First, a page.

© 2022 WNIJ and WNIU
Northern Public Radio
801 N 1st St.
DeKalb, IL 60115
815-753-9000
Northern Public Radio
Play Live Radio
Next Up:
0:00
0:00
Available On Air Stations

Perspective: There's help for our cranky politicians

Henry.jpg
G.K. Wuori
/

Recently, while walking my granddog, Henry, I decided there’s something about walking a dog that brings out nice things in people. You get waves and greetings and people want to know its name. Other dog walkers give nods of understanding as yet another squirrel is sent scrambling up a tree.

That got me thinking. We regularly see our politicians out there on the world’s stage all puffed-up and smiling, handshakes at the ready as they plot to gain world dominance here or cheaper oil prices there. The posturing and self-righteousness are quite unseemly. Really, they look so lonely in their demagoguery, so friendless in their puffery. They need …

… therapy dogs!

We see such dogs regularly in hospitals and retirement homes as they offer comfort to those in need. Tails wagging, muzzles offering big, sloppy kisses, they pop the bubble of pain by offering nothing more than a moment’s friendship.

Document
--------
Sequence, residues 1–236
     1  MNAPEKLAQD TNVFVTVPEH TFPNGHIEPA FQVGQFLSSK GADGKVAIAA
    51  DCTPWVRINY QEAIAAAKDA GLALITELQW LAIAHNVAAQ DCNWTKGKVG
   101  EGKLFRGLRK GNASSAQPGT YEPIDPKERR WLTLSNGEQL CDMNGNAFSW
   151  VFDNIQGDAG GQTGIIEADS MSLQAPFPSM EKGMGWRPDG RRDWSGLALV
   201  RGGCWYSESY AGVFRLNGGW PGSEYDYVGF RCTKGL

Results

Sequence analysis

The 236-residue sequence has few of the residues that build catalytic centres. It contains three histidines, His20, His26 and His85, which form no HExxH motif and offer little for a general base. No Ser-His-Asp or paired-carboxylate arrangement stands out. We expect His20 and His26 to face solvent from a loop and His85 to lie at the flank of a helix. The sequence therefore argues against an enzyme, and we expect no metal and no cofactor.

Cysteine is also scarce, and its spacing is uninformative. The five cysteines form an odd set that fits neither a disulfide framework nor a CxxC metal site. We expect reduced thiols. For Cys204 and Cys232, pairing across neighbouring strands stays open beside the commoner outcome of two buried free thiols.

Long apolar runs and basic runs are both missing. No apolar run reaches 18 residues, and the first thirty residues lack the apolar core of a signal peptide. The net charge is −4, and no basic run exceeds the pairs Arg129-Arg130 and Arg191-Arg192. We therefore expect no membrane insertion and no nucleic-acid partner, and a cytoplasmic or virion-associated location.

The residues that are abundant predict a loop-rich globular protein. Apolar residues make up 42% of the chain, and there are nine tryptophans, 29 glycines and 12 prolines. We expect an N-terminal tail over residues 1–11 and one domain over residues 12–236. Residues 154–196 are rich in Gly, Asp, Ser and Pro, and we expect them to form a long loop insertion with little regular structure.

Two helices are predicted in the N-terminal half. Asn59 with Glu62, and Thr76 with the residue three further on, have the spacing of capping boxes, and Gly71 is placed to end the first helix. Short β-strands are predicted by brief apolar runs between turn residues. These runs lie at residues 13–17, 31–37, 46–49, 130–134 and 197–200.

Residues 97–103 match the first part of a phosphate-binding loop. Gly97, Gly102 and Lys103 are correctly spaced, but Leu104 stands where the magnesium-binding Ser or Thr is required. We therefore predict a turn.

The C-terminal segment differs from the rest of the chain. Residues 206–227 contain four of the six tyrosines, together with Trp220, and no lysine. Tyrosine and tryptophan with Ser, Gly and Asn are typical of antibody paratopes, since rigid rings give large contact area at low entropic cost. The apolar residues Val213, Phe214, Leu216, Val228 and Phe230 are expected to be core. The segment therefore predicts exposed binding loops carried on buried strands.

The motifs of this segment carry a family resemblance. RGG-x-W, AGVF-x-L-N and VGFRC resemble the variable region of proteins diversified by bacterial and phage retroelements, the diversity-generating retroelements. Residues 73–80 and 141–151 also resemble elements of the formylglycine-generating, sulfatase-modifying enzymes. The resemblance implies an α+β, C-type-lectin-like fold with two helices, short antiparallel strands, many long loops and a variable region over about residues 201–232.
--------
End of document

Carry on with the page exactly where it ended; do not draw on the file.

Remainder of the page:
Something, I think, our politicos sorely need.

Nothing can un-stuff a stuffed-shirt like a pocket full of Milk Bones, or take the steam out of some tirade like a goofy canine jumping up on a lap. Just imagine one of those giant conference tables surrounded by blustering, table-pounding folks trying to maintain that bluster in the face of doggy drool on a sleeve or pant leg.

Finally, the impulse to shatter some long-established geopolitical principle has got to be diminished by a muzzle on a knee and a big-eyed Fido looking up as if to say, “Please, Oh Great One, I have to pee.”

We often say our politicians have gone to the dogs. Maybe it’s time for the dogs to go to them.

I’m G. K. Wuori and that’s my perspective.

G. K. Wuori is the author of over a hundred stories published throughout the world. A Pushcart Prize winner and Illinois Arts Council Fellow, he has also published two novels, two novellas, and a story collection. He lives in DeKalb, Illinois.